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UHF home distribution and witchcraft



 
 
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  #41  
Old August 24th 19, 06:12 PM posted to uk.tech.digital-tv
Bob Latham
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Posts: 747
Default UHF home distribution and witchcraft

The author has marked this message not to be archived. This post will be deleted on September 7, 2019.

In article ,
NY wrote:

Given the description, I interpret the peaks (reading left to
right) as:


22
25
(large gap with very weak signals)
39/40
42/43
45/46
48
(small gap)
55/56
60
(small gap)


69: blue marker which corresponds to info below the graph which
says that the marker is monitoring strength of UHF 69 which is 858
MHz and assumes a channel bandwidth/spacing of 8 MHz and has a
power of 21 dBuV/m


So I presume the horizontal scale runs from UHF 21-69.


Spot on.

Bob.

--
Bob Latham
Stourbridge, West Midlands
  #42  
Old August 24th 19, 07:03 PM posted to uk.tech.digital-tv
charles[_2_]
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Posts: 936
Default UHF home distribution and witchcraft

In article ,
Bob Latham wrote:
In article ,
wrote:


Let us know how you get on!


I've just done a fundamental test I should have done before posting
at all.


I took the conditioned aerial signal at the point where the 24dB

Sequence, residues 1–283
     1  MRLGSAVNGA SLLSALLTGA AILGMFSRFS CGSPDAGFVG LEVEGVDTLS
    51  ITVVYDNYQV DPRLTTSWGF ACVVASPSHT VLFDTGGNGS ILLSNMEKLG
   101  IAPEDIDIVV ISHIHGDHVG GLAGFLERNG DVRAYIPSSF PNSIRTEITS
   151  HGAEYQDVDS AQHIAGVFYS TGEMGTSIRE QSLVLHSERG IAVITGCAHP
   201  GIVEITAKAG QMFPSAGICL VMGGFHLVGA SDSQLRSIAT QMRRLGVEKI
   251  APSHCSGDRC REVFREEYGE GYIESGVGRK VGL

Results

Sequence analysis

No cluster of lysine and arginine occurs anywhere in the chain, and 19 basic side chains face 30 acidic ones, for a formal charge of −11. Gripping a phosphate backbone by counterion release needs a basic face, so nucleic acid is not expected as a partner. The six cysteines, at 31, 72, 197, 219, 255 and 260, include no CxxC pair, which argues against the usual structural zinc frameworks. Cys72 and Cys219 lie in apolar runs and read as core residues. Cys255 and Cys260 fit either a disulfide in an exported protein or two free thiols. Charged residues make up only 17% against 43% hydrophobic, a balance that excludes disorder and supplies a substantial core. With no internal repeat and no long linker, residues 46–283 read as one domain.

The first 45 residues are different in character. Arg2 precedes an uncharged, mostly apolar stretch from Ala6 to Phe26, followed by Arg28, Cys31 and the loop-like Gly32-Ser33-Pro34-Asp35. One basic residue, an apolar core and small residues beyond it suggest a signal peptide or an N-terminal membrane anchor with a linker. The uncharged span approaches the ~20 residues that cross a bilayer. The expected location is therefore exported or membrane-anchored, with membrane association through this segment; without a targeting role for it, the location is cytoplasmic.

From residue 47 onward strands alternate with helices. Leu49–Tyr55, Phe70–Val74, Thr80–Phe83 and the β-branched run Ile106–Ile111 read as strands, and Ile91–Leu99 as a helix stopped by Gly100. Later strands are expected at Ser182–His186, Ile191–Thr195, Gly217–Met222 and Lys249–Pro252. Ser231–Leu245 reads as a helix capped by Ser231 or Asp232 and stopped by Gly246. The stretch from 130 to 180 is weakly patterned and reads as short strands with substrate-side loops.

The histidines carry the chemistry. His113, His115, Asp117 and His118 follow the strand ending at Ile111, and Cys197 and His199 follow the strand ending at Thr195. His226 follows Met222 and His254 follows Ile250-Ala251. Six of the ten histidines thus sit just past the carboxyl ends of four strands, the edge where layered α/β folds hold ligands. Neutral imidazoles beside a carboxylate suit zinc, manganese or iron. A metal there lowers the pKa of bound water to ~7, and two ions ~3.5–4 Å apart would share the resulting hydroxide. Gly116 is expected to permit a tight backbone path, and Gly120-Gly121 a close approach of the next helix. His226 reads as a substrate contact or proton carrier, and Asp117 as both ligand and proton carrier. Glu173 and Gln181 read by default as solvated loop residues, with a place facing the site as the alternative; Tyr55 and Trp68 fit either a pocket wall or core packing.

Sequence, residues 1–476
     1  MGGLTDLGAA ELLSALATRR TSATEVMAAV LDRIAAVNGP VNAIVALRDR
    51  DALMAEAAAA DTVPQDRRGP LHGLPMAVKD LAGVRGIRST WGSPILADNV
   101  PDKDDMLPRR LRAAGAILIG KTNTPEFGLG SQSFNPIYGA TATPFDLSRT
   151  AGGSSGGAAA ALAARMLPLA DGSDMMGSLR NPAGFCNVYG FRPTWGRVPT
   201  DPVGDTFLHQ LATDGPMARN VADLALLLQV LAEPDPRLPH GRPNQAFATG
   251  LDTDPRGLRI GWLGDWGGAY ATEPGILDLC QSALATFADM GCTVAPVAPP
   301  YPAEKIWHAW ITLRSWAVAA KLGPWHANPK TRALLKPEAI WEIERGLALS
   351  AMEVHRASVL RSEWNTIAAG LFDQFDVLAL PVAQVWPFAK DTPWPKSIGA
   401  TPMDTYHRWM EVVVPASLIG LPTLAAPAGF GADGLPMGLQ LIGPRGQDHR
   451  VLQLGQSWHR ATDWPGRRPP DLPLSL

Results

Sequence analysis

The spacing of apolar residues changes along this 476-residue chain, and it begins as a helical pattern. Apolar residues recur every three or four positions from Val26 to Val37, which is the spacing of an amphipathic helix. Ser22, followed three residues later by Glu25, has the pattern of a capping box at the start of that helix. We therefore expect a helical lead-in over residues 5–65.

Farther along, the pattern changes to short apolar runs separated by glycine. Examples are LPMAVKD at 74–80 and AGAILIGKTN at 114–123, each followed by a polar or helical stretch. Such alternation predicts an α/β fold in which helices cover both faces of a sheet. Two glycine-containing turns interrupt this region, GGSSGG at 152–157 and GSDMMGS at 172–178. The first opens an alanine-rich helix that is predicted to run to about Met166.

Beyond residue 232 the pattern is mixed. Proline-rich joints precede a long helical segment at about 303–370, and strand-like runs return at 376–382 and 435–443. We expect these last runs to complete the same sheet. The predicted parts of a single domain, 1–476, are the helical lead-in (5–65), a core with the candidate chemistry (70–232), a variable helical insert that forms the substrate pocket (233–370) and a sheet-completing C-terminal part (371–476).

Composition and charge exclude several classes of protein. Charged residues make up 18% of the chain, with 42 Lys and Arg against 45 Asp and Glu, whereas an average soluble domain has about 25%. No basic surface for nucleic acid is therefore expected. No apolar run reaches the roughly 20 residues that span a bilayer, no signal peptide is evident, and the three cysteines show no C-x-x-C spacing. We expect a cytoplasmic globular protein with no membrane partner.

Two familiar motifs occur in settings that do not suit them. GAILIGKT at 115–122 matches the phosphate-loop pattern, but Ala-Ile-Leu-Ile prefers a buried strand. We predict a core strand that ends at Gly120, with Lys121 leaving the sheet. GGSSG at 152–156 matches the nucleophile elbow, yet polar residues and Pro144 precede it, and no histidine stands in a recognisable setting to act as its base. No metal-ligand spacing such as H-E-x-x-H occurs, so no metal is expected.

attenuator plugs into the filter combiner (first point in the lounge)
and connected that directly through to the distribution amp. This
them removes everything between what comes down from the loft and the
distribution amp.


No change what so ever. C40 perfect going into distribution amp has
variable MER after the amp. On the back of the kitchen TV C39 is
awful quality according to the TV and yet both BER and MER are
perfect according my test meter.


I then added a 9dB attenuator just before the distribution amp.



Giving what level input?

--
from KT24 in Surrey, England
"I'd rather die of exhaustion than die of boredom" Thomas Carlyle
  #43  
Old August 24th 19, 11:28 PM posted to uk.tech.digital-tv
[email protected]
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Posts: 122
Default UHF home distribution and witchcraft



From memory, the OP is troubled by strong Brierley hill signals which are from Ch 29 to 37.

Not only that, he is also troubled by strong signals from the wrekin which includes signals broadcast at 41, 44 and 47.

Hence the notch filters at Ch 37 and 47.

Sutton Coldfield broadcasts muxes 7 and 8 and these are not available at the wrekin or Brierley hill, hence his preference for Sutton Coldfield..…..
  #44  
Old August 25th 19, 09:41 AM posted to uk.tech.digital-tv
Jim Lesurf[_2_]
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Posts: 4,567